In the area of the study along eastern border of the Great Smoky Mountains National Park and includes 16 North Carolina counties. In this area of western North Carolina there are three U.S. National Forests: 1) Cherokee National Forest, 2) Pisgah National Forest, and 2) Nantahala National Forest. All three National Forests are popular with tourists seeking a wide variety of recreational activities. Activities offered in these three National Forests include bicycling and mountain biking, cabins and camping facilities, fishing, hunting, hiking, horseback riding, nature viewing, outdoor learning, picnicking, rocks and mineral hunting, scenic driving, zip lining, and water activities like rafting, boating and kayaking . Some of these recreational activities are operated and maintained by National Forest Service personnel, while other activities are operated by approved private sector operators and outfitters like the Nantahala Outdoor Center in Bryson City, NC and other private sector operators using National Forest resources offering rafting, biking and hiking trips. In addition, a portion of the Appalachian Trail goes through these National Forests too.
Also along the western border area to these North Carolina gateway counties in the most visited National Park in the U.S. – the Great Smoky Mountains National Park (GSMNP). This park shares a border with both North Carolina and Tennessee, includes 522,419 acres encompassing 816 square miles and in 2013 hosted 9.68 million visitors . On the west side of the GSMNP along the Tennessee border are the gateway cities in Tennessee of Knoxville, Townsend, Maryville, Sevierville, Pigeon Forge and Gatlinburg. On the east side of the GSMNP forming the North Carolina border are the lesser populated North Carolina gateway cities of Bryson City, Cherokee, Robbinsville, and Murphy.
In addition, the Blue Ridge Parkway, another unit of the National Park system is in the area and is well traveled by tourists during the fall foliage season. The Blue Ridge Parkway was also shut down during the period October 1-15 in 2013.
The purpose of this study is to use and evaluate two methods in measuring if tourist spending changed in areas with tourist activities and recreation amenities in and near a National Park and U.S. Forest Service as a result of the U.S. Federal Government shut-down. In this case, 16 counties near or bordering National Park and U.S. Forest Service lands were examined
Analysis of county taxable sales
In the first method, monthly taxable sales were analyzed for the 16 counties in western North Carolina forming the east border of the GSMNP and in or near the three previously mentioned National Forests. In order to use county taxable sales data to measure the change in tourist spending in the 16 counties in the area of focus, monthly taxable sales data from the North Carolina Department of Revenue were collected and compared for the period of October 2012 versus October 2013 . These taxable sales data reflect seasonal and monthly period of taxable sales by both local residents and visiting tourists.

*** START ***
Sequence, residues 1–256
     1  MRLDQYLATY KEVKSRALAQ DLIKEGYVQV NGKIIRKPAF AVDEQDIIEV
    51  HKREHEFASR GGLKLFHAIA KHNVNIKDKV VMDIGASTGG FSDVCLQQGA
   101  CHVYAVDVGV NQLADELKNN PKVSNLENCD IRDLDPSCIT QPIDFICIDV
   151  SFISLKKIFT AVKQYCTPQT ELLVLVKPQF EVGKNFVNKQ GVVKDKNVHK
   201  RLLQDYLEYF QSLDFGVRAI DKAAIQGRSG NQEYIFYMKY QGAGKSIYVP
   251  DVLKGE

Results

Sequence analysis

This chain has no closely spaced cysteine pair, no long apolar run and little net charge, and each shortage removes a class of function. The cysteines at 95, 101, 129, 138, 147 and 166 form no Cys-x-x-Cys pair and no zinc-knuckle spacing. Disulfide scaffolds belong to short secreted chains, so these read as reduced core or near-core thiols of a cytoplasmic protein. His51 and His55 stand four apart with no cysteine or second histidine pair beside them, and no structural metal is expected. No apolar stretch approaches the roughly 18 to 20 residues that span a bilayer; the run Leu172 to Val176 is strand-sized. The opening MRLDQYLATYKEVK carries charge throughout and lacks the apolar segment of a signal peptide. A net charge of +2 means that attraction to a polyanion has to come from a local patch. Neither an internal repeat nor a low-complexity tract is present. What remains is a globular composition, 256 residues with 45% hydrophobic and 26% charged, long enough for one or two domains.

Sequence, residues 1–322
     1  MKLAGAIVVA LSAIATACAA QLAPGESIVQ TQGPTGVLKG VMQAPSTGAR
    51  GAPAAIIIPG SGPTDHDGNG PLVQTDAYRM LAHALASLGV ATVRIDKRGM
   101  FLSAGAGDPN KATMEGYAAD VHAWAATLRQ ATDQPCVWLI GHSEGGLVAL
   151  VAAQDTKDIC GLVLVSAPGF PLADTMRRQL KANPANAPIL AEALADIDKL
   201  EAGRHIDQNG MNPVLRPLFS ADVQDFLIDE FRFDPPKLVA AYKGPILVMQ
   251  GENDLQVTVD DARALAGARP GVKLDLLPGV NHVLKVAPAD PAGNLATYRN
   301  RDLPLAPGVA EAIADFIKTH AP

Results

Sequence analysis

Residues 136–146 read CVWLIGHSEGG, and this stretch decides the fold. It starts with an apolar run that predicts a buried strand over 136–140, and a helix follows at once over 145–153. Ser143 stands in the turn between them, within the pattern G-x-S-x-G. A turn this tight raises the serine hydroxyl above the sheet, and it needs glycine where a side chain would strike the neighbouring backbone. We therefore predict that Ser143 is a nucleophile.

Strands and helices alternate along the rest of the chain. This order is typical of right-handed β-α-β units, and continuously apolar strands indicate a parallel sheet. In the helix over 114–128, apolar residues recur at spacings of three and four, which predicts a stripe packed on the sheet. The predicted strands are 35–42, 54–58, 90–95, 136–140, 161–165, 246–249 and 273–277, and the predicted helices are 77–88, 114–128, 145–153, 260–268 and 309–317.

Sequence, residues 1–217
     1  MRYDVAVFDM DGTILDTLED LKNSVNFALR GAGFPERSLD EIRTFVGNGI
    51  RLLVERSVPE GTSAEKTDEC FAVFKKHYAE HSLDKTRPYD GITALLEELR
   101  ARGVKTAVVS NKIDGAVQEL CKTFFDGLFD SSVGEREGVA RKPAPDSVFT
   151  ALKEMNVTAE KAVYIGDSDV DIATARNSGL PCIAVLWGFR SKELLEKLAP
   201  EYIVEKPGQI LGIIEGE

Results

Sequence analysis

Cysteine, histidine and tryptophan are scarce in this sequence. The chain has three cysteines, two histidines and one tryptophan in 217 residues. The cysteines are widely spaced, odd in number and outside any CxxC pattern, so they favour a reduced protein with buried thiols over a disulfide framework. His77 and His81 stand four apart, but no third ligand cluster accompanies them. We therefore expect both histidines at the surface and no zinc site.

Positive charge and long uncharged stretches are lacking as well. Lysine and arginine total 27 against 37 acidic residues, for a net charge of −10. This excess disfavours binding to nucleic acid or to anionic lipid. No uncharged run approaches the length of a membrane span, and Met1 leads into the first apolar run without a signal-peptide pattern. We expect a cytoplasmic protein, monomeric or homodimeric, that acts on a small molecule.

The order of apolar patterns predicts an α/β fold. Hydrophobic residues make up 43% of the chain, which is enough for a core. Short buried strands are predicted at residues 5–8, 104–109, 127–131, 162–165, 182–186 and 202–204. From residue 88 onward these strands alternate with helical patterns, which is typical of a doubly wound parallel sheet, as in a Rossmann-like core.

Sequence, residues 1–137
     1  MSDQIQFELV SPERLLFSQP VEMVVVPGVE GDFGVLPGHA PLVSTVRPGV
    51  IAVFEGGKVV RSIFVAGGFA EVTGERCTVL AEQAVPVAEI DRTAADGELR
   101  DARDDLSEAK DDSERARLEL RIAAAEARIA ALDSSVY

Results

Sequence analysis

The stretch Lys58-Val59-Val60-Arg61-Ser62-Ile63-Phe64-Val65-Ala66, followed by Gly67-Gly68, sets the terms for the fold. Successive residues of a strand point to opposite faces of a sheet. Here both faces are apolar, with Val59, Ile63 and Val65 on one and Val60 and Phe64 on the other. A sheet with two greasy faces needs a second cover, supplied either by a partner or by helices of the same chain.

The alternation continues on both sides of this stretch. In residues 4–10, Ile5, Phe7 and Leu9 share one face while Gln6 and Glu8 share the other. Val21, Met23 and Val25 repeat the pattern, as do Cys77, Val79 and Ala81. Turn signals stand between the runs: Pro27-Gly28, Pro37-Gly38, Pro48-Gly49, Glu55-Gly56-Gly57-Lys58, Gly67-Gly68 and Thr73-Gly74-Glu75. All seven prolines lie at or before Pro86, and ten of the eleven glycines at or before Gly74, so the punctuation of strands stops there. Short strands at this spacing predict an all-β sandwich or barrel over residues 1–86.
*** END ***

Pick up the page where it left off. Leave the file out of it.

The state of North Carolina levies a general retail sales and use tax of 4.75 percent. The general rate applies to purchases of tangible commodities, certain digital property, room and cottage rentals, and laundry and dry cleaning services. The tax does not apply to prescription drugs, gasoline, coin-operated laundries, or motor vehicles. The state exempts food from state sales and use tax except for certain classifications, including dietary supplements, food sold from vending machines, soft drinks, candy, and prepared food (other than certain bakery items sold by qualifying artisan bakeries). Alcoholic beverages are not food items. A local sales and use tax of 2 percent applies to all food that is exempt from the state sales and use tax .
To control for inflation over the time period of analysis, all taxable sales were adjusted to constant 2014 dollars using the Consumer Price Index for the U.S. as determined by the U.S. Department of Labor’s Bureau of Labor Statistics . In this analysis, October 2013 taxable sales were compared to the five year average October taxable sales for the county from 2008-2012. The percent change between the two time periods (Oct. 2013 deflated taxable sales over the deflated taxable sales in a five year average Oct. 2008-2012) were analyzed for all 16 counties in the focus area. Instead of comparing Oct. 2013 deflated taxable sales to the previous year 2012 deflated taxable sales, and to control for unusual 2012 one year increases or decreases in taxable sales, the five year average of October deflated taxable sales for the years 2008 to 2012 were used to compare with October 2013 deflated taxable sales. This analysis was performed for each of the 16 counties in the study, shown in Table 1, and will be discussed later in the study.
Taxable Sales ($)
Adj for inflation with constant 2014 $
|Five year Avg Oct.
Taxable Sales ($)
Adj for inflation with
constant 2014 $
in Taxable Sales
Oct. 2013 over
Avg. Oct. 08-12
Source:NC Dept. of Revenue; Taxable sales adjusted for inflation, converted to constant 2014 dollars using the U.S. Consumer Price Index, U.S. Dept. of Labor, Bureau of Labor Statistics; www.bls.gov
Table 1: Western NC counties taxable sales for Oct. 2013 vs. Five year average for Oct. 2008-2012, and percent change Oct. 2013 over five year average.
Limitations of the first method using taxable sales per county include the fact that taxable sales include taxable sales from locals and travelers to the area. While difficult to separate, we do know that the October period is a heavily traveled and visited with the fall foliage mountain colors attract major numbers of travelers during this period. Also, sales of gasoline are not included in the taxable sales figure, thus one of the major spending categories of travelers is excluded from the data. Only monthly totals of taxable sales are reported and not daily taxable sales, making a limited comparison to method 2 where daily hotel room sold. Thus, the monthly comparison of taxable sales during the two periods October 1-15 vs. October 16-31 is not possible.
Analysis of hotel room demand